What is clearly recorded is how his sporting superiority was explained through a narrative of moral and intellectual inferiority. In an obituary written after his death it was stated that “like many other West Africans, Wharton preferred a sporting to an intellectual career. “

Cultural assumptions made about Wharton’s race contributed to his suppression because they were based on his inherent inferiority. Berger and Niven are under no illusions that the promulgation of certain viewpoints in the writing of history are often conveniently linked to the consolidation and augmentation of power for certain dominant groups in society.

As the historical narrative is in part shaped by memory, and memory is filtered by what is considered most pertinent, even if Wharton regularly beat white men in the sporting arena he would have been seen as irrelevant and thus suppressed in the collective memory and historical cannon because his perceived superiority threatened the racial discourses that supported the dominant white narrative of the time that accompanied the history of sport in the UK.

Arthur Wharton’s relevance to-day

Many have argued that English football was rejuvenated in the 1990s. The creation of organisations such as Show Racism the Red Card and Kick It Out played a significant part in forcing football’s reticent institutions to directly challenge racist behaviour. Additionally, the transition from the 1986 Public Order Act to the 1991 Football Offences Act ensured that legislation specifically targeted racial abuse.

Racist behaviour is now condemned more readily and clubs are increasingly willing to undertake community outreach and grassroots projects to engage with the communities that they previously excluded.

However, the footballing community is still challenged by structures that support institutional racism. The disproportionate number of BAME coaches and managers stands as an embarrassing testament to this. Football institutions have a responsibility to address the issue and speed up not just the process of social change but social justice.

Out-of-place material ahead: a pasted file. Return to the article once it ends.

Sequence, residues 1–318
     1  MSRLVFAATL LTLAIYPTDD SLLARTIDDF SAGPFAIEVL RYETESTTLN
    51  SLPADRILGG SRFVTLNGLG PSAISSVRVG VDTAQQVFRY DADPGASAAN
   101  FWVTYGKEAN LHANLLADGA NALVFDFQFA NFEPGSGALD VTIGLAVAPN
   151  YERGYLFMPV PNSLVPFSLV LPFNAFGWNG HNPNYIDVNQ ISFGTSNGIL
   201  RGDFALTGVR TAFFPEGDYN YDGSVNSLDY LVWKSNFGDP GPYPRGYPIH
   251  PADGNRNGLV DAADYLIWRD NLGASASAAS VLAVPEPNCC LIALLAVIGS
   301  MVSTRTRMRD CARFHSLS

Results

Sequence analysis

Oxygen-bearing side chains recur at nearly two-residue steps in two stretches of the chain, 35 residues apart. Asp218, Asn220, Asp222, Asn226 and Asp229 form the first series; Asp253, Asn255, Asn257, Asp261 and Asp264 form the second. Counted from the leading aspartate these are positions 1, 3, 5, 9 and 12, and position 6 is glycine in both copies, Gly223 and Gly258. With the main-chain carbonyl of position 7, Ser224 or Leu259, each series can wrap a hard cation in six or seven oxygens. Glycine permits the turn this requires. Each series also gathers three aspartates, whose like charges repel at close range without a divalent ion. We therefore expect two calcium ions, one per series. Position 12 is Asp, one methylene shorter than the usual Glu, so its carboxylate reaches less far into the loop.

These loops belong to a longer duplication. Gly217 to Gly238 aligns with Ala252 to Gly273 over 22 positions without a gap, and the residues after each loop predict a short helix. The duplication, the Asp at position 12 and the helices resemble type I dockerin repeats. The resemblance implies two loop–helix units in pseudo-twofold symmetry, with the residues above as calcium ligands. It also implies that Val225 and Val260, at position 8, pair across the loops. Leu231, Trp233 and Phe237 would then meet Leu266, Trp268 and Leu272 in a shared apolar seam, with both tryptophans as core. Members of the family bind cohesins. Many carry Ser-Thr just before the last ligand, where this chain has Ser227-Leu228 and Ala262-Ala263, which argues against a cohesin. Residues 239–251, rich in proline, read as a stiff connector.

Widely propagating the history of a BAME footballer playing at the birth of football as we recognise it today provides an example of the importance of BAME people at the very heart of football’s early development in the UK. In doing so, it could further encourage an institution with a chequered past to advance its efforts to eradicate racism in football.

King quotes a black course member on an FA run UEFA coaching badge qualification course as saying that:

“I feel this course is just a minor image of the personalities who run it. They are backward thinking, racists and colonialists.”

Echoes of the racial stereotyping Wharton faced based on black athleticism not intellect may be part of an explanation as to why more BAME players are not transitioning into managerial roles.

If footballing clubs and institutions were to actively re-engage and celebrate the long-standing history of BAME contributions to British football perhaps more effective transformative gains could be made in the efforts to reduce discrimination.

The broken link between past and present should be championed in order to increase the number of role models and their stories ( e.g from Wharton to the modern day) about actively struggling to combat experiences of racism in sport.

Racism and anti-racism in and through sport remain and contribute to our understanding of contemporary life in at least two senses:

In a socio-economic sense, anti-racism policies and practices remind us that racism remains central to a complete understanding of sport, social inequality, justice and social policy.

In a geopolitical sense, different attitudes across Europe, towards the 2016 refugee crisis, for example, also remind us that sport is both implicated and a resource of hope, whereas racism continues to be a source of conflict between states, nations and communities that fail to act on the ideal of many cultures but one humanity.

The marginalised experience, voice and account of Arthur Wharton is but one of the many athletic encounters that can be activated in educational, social and political struggles against racism in and through sport.


The extraordinary story of Arthur Wharton, the first black professional footballer

Many who have walked through a particular churchless Doncaster graveyard will never have known of one its inhabitants’ extraordinary stories.

Arthur Wharton was laid to rest in an unmarked grave in 1930. He was born into conflict, as his country - then known as the Gold Coast, now Ghana - fought back against its British oppressors. Wharton was one of the lucky ones, able to flee to London, with the intention of becoming a missionary. In some ways, he never stopped running.

He flitted from one football club to the next as a young man but Wharton’s journey started at Darlington. He was a keen sportsman who’d equalled the amateur world record of 10 seconds for the 100-yard sprint, though curiously, he was most often used in goal, despite his lightning speed. He could play on the wing but would rather guard a net, showing incredible speed to close down attackers and supreme punching ability.